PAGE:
WPA: Atwater Plunge



Opening Day at Atwater Plunge 

May 7, 1962

Sports Swimming Opening Day at Atwater Plunge May 7, 1962 Archive Merced Sun-Star

ATWATER -- Carol Gray learned to swim at the Atwater Plunge. She also met her husband there. Probably. Wait a second.

She moves the phone and yells to her love of 43 years, Ken.

Probably, he yells back.

"I used to like to watch my husband swim. I didn't know him at the time," the 65-year-old says.

The Plunge, a WPA project approved for construction in early May of 1936, figured prominently in the lives of Atwater residents who grew up mid-20th century. It opened on June 11, 1938, letting adults swim for 25 cents -- children for 10 cents.

"That was in the days kids could walk by themselves and do things. If an adult was down there (at the Plunge) they would correct you. I feel it was the best time to grow up was during my era," Gray, 65, said.

The Plunge was a massive, laned swimming pool buffered by two buildings -- a changing room for girls and another for boys.

Jay Baldwin, 68, of Merced grew up in Atwater and remembers going to the pool with his brothers in the late 1940s and early '50s when he was in grade school. He didn't find his love there.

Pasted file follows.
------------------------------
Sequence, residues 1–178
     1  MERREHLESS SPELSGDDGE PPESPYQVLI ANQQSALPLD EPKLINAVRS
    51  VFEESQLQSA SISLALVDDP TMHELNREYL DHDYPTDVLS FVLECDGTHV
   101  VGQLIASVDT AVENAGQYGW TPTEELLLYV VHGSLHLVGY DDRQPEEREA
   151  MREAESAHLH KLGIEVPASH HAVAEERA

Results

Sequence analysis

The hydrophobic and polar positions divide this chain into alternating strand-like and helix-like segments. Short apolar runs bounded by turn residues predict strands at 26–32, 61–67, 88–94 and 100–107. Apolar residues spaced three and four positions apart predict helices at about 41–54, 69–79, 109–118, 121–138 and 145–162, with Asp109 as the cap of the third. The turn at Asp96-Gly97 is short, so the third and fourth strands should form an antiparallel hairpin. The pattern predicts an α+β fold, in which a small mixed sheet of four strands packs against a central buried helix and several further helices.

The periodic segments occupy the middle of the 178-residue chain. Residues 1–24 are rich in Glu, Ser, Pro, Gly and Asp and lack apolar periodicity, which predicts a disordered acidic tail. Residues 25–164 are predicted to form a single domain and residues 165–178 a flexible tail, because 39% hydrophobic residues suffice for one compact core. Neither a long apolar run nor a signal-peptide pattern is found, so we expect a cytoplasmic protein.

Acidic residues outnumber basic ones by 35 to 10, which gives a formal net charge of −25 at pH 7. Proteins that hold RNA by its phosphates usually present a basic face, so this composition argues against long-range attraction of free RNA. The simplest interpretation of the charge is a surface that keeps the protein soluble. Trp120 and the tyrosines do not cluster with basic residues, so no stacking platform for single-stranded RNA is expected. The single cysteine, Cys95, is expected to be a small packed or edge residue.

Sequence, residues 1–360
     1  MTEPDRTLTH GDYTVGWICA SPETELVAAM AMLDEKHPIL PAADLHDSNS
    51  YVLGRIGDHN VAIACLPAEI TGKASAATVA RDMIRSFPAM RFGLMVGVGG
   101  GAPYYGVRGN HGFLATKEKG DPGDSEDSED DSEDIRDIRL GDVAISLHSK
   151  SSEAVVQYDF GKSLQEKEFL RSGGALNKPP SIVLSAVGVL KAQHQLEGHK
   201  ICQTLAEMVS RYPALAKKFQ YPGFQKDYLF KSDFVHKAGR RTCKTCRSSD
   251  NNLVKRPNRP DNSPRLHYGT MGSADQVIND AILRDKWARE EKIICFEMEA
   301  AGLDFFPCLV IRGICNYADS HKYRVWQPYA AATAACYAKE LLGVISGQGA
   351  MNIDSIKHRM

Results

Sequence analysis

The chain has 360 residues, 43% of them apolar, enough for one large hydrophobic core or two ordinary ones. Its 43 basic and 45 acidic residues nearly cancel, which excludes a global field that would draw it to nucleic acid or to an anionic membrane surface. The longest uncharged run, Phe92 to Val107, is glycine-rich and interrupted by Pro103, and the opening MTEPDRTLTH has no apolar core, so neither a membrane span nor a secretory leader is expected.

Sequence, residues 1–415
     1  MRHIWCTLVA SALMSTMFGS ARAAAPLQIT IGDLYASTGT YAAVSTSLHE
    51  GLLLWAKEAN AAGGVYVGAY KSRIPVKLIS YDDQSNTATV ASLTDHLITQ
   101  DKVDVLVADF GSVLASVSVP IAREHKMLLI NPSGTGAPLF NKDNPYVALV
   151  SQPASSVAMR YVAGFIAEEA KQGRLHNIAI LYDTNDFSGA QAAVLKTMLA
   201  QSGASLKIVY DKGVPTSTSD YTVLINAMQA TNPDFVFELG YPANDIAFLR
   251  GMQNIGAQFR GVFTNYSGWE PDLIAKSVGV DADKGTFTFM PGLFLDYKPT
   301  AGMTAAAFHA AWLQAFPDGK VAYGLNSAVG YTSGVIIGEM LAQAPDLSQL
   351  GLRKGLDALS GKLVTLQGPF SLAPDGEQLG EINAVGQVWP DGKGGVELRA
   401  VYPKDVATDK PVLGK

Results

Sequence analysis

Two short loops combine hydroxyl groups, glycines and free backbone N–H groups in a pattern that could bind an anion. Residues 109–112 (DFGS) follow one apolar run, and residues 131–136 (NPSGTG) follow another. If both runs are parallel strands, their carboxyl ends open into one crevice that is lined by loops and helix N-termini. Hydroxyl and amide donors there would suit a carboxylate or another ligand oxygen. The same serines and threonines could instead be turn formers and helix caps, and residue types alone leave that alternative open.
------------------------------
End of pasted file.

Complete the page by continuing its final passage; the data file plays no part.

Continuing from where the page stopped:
"Oh, hell, we didn't even think of them (girls) then. We just wanted to get wet and wash around in the water," he said.

He remembers the day his brother fell asleep in the sun for hours. Lifeguards approached the boy, woke him and told him not to move. They then picked him up and carried him face down across the street to Bloss Memorial Hospital where nurses could treat the two giant blisters that had formed on the backs of his knees.

"It was just a place to hang," Baldwin said fondly.

Originally operated by the city, the Plunge was turned over to a private business in 1958. It's unclear exactly when it closed. Many people remember it being bulldozed.

Manuel Bairos, 76, a 36-year city employee and former parks superintendent, said the Plunge was demolished because the pool was leaking and city officials at the time didn't care to repair it.

"Whoever made the decision to tear it out didn't really look at the whole situation.

That's what happened with our pool, it went to the dump," Bairos said.